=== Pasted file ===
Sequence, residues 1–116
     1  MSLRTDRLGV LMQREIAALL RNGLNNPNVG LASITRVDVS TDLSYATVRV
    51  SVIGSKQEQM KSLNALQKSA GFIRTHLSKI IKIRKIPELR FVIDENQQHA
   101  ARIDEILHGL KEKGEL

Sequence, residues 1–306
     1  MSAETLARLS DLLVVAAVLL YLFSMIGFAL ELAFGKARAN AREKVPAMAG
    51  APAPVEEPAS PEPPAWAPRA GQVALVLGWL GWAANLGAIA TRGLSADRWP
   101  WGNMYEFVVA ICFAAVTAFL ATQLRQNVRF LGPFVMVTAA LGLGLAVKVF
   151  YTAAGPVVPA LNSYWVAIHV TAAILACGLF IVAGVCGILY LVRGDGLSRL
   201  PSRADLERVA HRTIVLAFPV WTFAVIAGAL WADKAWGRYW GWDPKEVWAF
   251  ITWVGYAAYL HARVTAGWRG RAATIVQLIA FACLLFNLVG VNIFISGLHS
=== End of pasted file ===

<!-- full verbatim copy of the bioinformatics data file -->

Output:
Sequence, residues 1–116
     1  MSLRTDRLGV LMQREIAALL RNGLNNPNVG LASITRVDVS TDLSYATVRV
    51  SVIGSKQEQM KSLNALQKSA GFIRTHLSKI IKIRKIPELR FVIDENQQHA
   101  ARIDEILHGL KEKGEL

Sequence, residues 1–306
     1  MSAETLARLS DLLVVAAVLL YLFSMIGFAL ELAFGKARAN AREKVPAMAG
    51  APAPVEEPAS PEPPAWAPRA GQVALVLGWL GWAANLGAIA TRGLSADRWP
   101  WGNMYEFVVA ICFAAVTAFL ATQLRQNVRF LGPFVMVTAA LGLGLAVKVF
   151  YTAAGPVVPA LNSYWVAIHV TAAILACGLF IVAGVCGILY LVRGDGLSRL
   201  PSRADLERVA HRTIVLAFPV WTFAVIAGAL WADKAWGRYW GWDPKEVWAF
   251  ITWVGYAAYL HARVTAGWRG RAATIVQLIA FACLLFNLVG VNIFISGLHS